This is Part III of a three-part series on understanding the fundamentals of a successful workout program. My goal is to help you avoid the common pitfalls in a world of false information. I will break down concepts using scientific reasoning and evidence, so you know exactly what you need to do to maximize your time and effort in the gym. (Part I and Part II are here).
Your workout routine has failed you.
In Part I, I outlined the lies told by the fitness industry. I also listed two incredible books you need to read.
In Part II, I discussed some of the science behind muscle growth- hypertrophy, progressive overload, and muscle fibers.
In this last installment – I want to touch on five specific techniques I have used in the gym to maximize muscle growth.
What do we need to do to maximize our gains and make sure we are doing everything in our power to get the best results?
Let’s find out…
How do we maximize hypertrophy?
We have established that muscle hypertrophy is maximized through progressive overload.
- Mechanical tension: Intensity (load) of the exercise
- Muscle fiber damage: Tearing and damaging the fibers – causing muscle growth
- Metabolic stress: Technical process, but increased recruitment of fibers, increased growth factors, cell swelling, etc.
We know how to maximize hypertrophy and the process that occurs when we do so. Now let’s discuss how we can enhance our workouts even further.
The 5 Workout Enhancements
1. Lift HEAVY
Progressive overload is best achieved by lifting heavier every time we enter the gym.
The ideal intensity for maximal muscle growth occurs with loads between 80-95% of 1 repetition maximum according to this 2004 study.2
We should be able to achieve at least 80% of our 1 rep max using a 4-7 repetition range.
My workout follows this script:
- A general muscle group each day (Shoulders, Chest, Leg, Arms, Back)
- 4-7 repetitions per set
- 3-4 sets per exercise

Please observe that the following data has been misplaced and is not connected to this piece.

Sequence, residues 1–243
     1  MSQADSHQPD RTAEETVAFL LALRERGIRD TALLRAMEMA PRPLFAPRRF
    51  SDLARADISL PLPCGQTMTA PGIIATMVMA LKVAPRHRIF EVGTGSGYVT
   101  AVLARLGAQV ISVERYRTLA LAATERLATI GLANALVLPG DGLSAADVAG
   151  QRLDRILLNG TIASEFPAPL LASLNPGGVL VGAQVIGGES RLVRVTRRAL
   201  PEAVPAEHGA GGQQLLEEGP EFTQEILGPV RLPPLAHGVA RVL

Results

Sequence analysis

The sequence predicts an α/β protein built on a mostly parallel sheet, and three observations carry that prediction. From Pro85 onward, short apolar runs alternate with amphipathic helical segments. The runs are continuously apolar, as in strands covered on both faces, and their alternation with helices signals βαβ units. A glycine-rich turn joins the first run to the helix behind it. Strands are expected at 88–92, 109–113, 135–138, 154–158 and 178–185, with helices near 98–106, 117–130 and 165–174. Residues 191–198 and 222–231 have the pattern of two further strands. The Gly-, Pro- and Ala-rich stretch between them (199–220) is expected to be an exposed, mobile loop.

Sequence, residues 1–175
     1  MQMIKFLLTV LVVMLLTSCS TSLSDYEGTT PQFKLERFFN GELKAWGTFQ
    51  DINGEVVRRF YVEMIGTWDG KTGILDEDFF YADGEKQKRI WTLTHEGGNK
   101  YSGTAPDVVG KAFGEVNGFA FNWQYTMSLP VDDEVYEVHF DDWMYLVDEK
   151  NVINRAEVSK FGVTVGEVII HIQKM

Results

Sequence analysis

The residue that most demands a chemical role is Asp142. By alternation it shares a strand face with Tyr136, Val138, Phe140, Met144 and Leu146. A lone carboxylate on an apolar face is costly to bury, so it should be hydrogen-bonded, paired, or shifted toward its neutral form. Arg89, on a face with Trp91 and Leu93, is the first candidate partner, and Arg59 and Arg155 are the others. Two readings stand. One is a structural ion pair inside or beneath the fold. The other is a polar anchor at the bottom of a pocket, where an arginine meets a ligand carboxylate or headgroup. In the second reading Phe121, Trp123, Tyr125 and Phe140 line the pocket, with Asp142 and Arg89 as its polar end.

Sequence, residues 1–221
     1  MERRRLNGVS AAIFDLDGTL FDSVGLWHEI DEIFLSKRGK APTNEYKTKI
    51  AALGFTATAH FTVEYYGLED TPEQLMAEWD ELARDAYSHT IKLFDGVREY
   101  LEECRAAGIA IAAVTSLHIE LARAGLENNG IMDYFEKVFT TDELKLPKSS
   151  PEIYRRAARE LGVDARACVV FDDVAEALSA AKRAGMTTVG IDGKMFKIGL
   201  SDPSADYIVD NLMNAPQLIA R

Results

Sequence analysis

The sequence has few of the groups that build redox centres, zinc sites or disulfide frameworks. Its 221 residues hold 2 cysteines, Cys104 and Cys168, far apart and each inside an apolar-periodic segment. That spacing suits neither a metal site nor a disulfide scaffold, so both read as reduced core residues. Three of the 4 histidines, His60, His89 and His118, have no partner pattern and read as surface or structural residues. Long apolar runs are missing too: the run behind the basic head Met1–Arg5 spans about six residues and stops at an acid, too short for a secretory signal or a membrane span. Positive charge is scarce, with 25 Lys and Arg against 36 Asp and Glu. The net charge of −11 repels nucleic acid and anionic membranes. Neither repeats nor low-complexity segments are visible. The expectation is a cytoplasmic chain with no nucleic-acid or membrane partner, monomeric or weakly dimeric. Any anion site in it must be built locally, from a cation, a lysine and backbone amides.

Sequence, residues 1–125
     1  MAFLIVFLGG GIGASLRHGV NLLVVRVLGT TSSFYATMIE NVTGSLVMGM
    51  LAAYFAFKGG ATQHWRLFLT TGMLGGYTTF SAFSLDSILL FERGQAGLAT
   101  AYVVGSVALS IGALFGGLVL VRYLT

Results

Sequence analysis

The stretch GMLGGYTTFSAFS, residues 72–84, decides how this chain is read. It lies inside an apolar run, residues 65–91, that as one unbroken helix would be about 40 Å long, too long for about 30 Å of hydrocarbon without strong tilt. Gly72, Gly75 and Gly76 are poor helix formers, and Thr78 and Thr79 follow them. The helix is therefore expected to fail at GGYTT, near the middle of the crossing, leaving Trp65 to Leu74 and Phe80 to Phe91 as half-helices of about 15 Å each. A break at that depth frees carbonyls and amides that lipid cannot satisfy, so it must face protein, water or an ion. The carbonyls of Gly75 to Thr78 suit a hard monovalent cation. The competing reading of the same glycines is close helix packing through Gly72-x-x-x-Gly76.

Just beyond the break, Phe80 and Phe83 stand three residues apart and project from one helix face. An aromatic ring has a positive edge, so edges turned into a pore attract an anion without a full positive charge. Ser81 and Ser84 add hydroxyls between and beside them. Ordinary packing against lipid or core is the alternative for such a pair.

- 12-15 total reps
- 4-5 exercises in total
If I hit 7 reps with a set, I will move up in weight 5 pounds. If I cannot get at least 4 reps, I will move back down.
The key to the 4-7 rep range is to progress upwards when you hit the 7 reps.
I first read about these methods in Mike Matthews book, “Bigger Leaner Stronger,” which I have emphasized as a must read.
P.S. I will do additional isolation work from time to time on my weak spots after I have run the above routine. Even then – I will only do 1-2 more exercises, using strict form.
2. Compound Movements FIRST
Compound movements are crucial for maximum muscle growth.
Studies have shown compound movements to be highly effective at building muscle.
Why do I see so many people doing bicep curls and triceps pull-downs??
Too many of us get caught up with isolation exercises because they are easier to do and give an ego-boosting pump.
We look in the mirror and love what we see.
The problem with this?
Those “gains” do not last.
Once the blood flows back out of the muscle, we are left looking like we did before the workout, with minimal long-term muscle growth attained.
Compound movements include:
- Squats (multiple variations)
- Bench Press
- Barbell/Dumbbell Press
- Bent Over Barbell Rows
Your workout plan should be based around these core exercises.
3. Technique & Time Under Tension
Each repetition needs to have perfect form.
Stop taking after the steroid monsters jerking weight around with terrible form.
They are not you!
Check your ego at the door- only work with weights you can lift with perfect form.